The two main tasks of the EMI:
To this end, the EMI provided a forum for consultation and for an exchange of views and information on policy issues and it specified the regulatory, organisational and logistical framework necessary for the ESCB to perform its tasks in Stage Three.
In December 1995 the European Council agreed to name the European currency unit to be introduced at the start of Stage Three, the ‘euro', and confirmed that Stage Three of EMU would start on 1 January 1999. A chronological sequence of events was pre-announced for the changeover to the euro. This scenario was mainly based on detailed proposals elaborated by the EMI.
At the same time, the EMI was given the task of carrying out preparatory work on the future monetary and exchange rate relationships between the euro area and other EU countries. In December 1996 the EMI presented its report to the European Council, which formed the basis of a Resolution of the European Council on the principles and fundamental elements of the new exchange rate mechanism (ERM II), which was adopted in June 1997.
In December 1996 the EMI also presented to the European Council, and subsequently to the public, the selected design series for the euro banknotes to be put into circulation on 1 January 2002.
In order to complement and to specify the Treaty provisions on EMU, the European Council adopted the Stability and Growth Pact in June 1997 – two Regulations form part of the Stability and Growth Pact, which aims to ensure budgetary discipline in respect of EMU. The Pact was supplemented and the respective commitments enhanced by a Declaration of the Council in May 1998. It underwent reforms in 2005 and 2011.
On 2 May 1998 the Council of the European Union – in the composition of Heads of State or Government – unanimously decided that 11 Member States had fulfilled the conditions necessary for the participation in the third stage of EMU and the adoption of the single currency on 1 January 1999. The initial participants were Belgium, Germany, Spain, France, Ireland, Italy, Luxembourg, the Netherlands, Austria, Portugal and Finland. The Heads of State or Government also reached a political understanding on the persons to be recommended for appointment as members of the Executive Board of the European Central Bank (ECB).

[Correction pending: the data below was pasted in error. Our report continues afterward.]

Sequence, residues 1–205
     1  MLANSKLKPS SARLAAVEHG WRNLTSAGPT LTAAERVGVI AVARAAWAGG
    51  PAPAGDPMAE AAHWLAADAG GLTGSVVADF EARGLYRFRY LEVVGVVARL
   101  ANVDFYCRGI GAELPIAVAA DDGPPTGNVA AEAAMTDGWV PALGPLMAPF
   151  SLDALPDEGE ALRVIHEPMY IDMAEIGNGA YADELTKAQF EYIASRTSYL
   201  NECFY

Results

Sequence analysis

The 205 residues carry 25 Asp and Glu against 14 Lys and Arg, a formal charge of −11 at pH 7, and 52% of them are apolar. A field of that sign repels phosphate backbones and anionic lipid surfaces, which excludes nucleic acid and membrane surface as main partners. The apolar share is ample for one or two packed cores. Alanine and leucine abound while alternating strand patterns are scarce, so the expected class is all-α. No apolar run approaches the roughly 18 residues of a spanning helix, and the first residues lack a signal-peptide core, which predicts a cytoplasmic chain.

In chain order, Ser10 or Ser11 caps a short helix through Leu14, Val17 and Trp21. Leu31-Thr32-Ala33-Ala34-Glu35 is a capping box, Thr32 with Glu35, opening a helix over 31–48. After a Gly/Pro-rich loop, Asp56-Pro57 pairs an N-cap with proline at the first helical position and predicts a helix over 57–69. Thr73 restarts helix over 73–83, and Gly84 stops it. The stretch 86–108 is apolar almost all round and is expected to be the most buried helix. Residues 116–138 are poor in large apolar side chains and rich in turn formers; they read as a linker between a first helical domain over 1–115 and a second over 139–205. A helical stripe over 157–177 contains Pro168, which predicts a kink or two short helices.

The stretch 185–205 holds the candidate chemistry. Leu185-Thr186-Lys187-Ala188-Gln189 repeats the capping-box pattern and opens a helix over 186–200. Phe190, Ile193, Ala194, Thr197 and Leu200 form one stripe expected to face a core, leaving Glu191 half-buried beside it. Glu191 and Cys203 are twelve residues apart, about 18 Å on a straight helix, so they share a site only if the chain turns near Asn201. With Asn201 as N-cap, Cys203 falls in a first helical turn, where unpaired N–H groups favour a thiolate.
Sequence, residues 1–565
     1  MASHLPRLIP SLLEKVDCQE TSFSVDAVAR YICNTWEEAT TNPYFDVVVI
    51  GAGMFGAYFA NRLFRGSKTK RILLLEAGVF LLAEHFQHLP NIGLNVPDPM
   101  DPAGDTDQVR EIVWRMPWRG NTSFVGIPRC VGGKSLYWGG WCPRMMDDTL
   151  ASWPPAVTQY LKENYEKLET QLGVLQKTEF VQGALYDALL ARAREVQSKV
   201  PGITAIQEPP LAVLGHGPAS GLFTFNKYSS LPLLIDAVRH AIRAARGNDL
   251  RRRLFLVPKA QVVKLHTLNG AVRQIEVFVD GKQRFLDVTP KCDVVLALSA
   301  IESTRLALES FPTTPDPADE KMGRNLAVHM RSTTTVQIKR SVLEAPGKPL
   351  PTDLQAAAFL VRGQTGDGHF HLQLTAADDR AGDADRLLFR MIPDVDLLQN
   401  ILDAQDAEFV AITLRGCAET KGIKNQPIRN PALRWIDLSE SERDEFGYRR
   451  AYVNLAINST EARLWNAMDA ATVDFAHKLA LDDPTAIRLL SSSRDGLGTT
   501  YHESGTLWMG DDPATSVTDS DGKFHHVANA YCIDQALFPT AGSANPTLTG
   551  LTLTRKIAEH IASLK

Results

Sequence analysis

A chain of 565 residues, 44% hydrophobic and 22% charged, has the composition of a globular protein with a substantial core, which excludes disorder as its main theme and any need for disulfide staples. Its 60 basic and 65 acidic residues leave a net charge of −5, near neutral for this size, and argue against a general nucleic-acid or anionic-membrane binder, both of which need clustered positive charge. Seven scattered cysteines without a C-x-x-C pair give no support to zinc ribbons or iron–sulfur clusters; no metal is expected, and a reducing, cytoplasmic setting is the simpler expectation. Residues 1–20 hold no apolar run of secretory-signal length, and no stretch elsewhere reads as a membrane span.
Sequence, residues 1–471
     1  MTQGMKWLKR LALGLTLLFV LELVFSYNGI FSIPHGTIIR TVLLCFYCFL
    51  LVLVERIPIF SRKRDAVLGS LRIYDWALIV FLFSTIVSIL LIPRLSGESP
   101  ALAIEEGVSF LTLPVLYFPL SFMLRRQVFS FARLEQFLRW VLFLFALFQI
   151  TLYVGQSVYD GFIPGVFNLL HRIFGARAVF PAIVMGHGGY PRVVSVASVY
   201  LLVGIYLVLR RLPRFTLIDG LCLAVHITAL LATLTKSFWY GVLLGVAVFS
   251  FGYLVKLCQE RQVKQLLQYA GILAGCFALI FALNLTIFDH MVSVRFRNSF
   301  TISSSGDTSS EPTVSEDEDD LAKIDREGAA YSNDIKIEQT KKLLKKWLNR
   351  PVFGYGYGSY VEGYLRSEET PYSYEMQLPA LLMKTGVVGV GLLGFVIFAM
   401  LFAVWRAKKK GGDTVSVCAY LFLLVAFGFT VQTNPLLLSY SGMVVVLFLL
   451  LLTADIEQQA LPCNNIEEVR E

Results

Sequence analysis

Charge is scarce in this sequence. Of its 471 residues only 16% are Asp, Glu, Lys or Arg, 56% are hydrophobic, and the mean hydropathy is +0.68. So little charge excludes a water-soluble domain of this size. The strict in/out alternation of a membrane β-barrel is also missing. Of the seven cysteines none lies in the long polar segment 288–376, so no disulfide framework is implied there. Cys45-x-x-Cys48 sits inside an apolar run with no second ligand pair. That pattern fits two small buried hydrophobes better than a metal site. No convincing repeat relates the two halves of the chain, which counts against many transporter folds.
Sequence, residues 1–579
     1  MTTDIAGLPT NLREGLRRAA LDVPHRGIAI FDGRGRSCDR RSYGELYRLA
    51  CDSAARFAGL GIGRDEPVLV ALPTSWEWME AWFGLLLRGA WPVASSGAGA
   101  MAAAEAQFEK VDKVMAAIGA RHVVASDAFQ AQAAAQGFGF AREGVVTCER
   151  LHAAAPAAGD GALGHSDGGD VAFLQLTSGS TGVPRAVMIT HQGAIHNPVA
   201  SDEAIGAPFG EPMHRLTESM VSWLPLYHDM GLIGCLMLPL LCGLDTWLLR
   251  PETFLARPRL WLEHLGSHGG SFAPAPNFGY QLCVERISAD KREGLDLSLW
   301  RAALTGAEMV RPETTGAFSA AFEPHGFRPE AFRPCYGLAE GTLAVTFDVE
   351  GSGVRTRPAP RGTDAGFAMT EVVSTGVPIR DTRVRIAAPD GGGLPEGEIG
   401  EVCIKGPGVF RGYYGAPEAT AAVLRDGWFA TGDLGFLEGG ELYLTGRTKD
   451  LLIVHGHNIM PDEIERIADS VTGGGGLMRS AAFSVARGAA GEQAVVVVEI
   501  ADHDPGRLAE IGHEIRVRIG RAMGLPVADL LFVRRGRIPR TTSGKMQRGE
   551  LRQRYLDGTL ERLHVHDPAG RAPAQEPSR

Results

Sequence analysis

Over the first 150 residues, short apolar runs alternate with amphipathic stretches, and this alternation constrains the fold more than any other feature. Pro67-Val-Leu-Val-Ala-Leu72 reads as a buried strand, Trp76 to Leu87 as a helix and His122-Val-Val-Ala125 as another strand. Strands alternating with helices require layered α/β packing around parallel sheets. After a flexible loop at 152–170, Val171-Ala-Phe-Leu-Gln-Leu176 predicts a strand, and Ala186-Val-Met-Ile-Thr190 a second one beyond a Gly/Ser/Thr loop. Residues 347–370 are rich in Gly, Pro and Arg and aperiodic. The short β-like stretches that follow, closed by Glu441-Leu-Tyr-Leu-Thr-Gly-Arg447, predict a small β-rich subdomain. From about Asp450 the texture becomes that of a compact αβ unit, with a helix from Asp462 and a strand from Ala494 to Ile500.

Also in May 1998, the ministers of finance of the Member States adopting the single currency agreed together with the governors of the national central banks of these Member States, the European Commission and the EMI that the current ERM bilateral central rates of the currencies of the participating Member States would be used in determining the irrevocable conversion rates for the euro.
On 25 May 1998 the governments of the 11 participating Member States appointed the President, the Vice-President and the four other members of the Executive Board of the ECB. Their appointment took effect from 1 June 1998 and marked the establishment of the ECB. The ECB and the national central banks of the participating Member States constitute the Eurosystem, which formulates and defines the single monetary policy in Stage Three of EMU.
With the establishment of the ECB on 1 June 1998, the EMI had completed its tasks. In accordance with Article 123 (ex Article 109l) of the Treaty establishing the European Community, the EMI went into liquidation on the establishment of the ECB. All the preparatory work entrusted to the EMI was concluded in good time and the rest of 1998 was devoted by the ECB to the final testing of systems and procedures.
On 1 January 1999 the third and final stage of EMU commenced with the irrevocable fixing of the exchange rates of the currencies of the 11 Member States initially participating in Monetary Union and with the conduct of a single monetary policy under the responsibility of the ECB.
The number of participating Member States increased to 12 on 1 January 2001, when Greece entered the third stage of EMU. Slovenia became the 13th member of the euro area on 1 January 2007, followed one year later by Cyprus and Malta, by Slovakia on 1 January 2009, by Estonia on 1 January 2011, by Latvia on 1 January 2014 and by Lithuania on 1 January 2015. On the day each country joined the euro area, its central bank automatically became part of the Eurosystem.